"Smoking" grass leads to nanotubes
Jun 13, 2005
Scientists in China have developed a new way to make multiwalled carbon nanotubes -- by heating grass in the presence of oxygen. The nanotubes, which were about 1 micron long and 30 to 50 nanometres in diameter, could prove useful for catalyst applications (Nanotechnology 16 1192).
Enbo Wang of Northeast Normal University in Changchun and colleagues took grass from a field and heated it at 250 °C for one hour. The scientists then heated the resulting material at a higher temperature of 600 °C for around 20 minutes in a sealed container containing about 15 millilitres of oxygen. Next, they cooled the mixture and repeated the heat treatment. This cycle was carried out about 50 times and the estimated average yield for the process was roughly 15%.
Recently scientists have shown that water can simplify the synthesis and purification of nanostructured carbon based on the complex chemistry that is found in the carbon-hydrogen-oxygen system. "That inspired us to look for a new strategy for making carbon nanotubes directly from carbohydrates, based on the conversion from carbohydrate to pure carbon and water," says Wang.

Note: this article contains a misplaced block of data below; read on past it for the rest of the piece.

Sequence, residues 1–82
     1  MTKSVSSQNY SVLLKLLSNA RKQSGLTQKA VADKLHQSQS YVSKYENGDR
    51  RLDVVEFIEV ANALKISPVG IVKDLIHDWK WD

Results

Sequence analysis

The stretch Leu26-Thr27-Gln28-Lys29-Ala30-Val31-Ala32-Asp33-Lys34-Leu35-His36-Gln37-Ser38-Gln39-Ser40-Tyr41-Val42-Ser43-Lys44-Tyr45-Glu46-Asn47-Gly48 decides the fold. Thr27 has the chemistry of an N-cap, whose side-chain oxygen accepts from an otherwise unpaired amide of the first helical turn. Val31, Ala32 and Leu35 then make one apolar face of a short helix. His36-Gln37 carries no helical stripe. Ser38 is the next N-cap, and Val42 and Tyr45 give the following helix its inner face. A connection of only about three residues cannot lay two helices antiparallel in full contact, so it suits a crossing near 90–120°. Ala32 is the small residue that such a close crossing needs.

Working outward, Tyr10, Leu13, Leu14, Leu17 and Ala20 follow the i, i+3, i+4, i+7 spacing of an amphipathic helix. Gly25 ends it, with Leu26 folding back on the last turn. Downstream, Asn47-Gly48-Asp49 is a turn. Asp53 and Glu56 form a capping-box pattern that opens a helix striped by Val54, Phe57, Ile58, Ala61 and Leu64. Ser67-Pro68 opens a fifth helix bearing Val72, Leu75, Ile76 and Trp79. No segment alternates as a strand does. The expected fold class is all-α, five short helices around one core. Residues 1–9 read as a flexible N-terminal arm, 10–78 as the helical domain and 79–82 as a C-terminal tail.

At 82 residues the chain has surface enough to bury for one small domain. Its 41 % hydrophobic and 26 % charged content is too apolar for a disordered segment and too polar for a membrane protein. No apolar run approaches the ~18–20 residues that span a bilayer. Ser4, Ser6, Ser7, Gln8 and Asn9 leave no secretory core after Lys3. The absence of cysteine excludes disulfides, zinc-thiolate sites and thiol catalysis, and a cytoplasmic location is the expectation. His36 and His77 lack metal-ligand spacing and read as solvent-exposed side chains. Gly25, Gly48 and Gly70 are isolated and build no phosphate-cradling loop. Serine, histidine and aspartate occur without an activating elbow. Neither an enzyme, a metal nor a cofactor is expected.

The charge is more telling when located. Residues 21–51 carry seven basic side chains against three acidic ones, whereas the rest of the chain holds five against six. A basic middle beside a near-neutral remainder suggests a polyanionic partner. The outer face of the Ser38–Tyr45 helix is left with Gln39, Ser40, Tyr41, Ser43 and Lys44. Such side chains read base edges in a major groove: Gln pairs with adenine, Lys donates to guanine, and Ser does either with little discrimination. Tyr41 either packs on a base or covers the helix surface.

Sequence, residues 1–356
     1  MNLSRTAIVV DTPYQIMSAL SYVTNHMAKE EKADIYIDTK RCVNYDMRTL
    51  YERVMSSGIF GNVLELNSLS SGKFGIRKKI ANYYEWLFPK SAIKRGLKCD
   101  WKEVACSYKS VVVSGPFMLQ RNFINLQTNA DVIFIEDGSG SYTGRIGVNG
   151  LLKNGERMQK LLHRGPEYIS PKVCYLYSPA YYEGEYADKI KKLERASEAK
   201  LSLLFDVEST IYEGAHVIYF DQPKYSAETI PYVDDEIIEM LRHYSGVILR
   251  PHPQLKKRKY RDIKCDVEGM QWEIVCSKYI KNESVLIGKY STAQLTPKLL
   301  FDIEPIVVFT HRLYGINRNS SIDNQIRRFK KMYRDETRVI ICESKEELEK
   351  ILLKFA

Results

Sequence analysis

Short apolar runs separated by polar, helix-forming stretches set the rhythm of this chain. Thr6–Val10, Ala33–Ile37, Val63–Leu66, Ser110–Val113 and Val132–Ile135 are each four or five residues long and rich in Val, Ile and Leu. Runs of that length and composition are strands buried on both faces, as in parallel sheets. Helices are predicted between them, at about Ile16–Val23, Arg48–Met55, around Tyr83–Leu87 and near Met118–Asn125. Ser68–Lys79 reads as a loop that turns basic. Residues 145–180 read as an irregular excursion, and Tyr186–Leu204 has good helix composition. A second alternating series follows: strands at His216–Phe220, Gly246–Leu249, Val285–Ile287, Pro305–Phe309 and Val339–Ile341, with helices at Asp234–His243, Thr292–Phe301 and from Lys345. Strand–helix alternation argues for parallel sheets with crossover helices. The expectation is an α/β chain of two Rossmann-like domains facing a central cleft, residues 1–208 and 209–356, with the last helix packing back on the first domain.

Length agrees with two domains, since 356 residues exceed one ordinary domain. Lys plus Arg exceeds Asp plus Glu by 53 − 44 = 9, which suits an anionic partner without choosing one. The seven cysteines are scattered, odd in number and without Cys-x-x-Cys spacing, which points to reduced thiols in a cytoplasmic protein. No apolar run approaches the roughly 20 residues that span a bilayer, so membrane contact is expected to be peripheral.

Many plants, including grass, contain tube-shaped bundles that are mostly made of cellulose and lignin and are used to transport fluids throughout the organism. The Northeast Normal team believes that pre-treating the grass removes its protein and grease components, while the treatment at high temperatures dehydrates the cellulose and converts it into nanostructured carbon.
The tubular structure of the carbon sources appears to be crucial because using the same heat treatment on non-tubular carbohydrates, such as glucose and saccharose, produced a much lower yield of nanotubes. However, wood and hemp, which do have tube-like structures, were also found to be good sources of nanotubes.
About the author
Liz Kalaugher is Editor of nanotechweb.org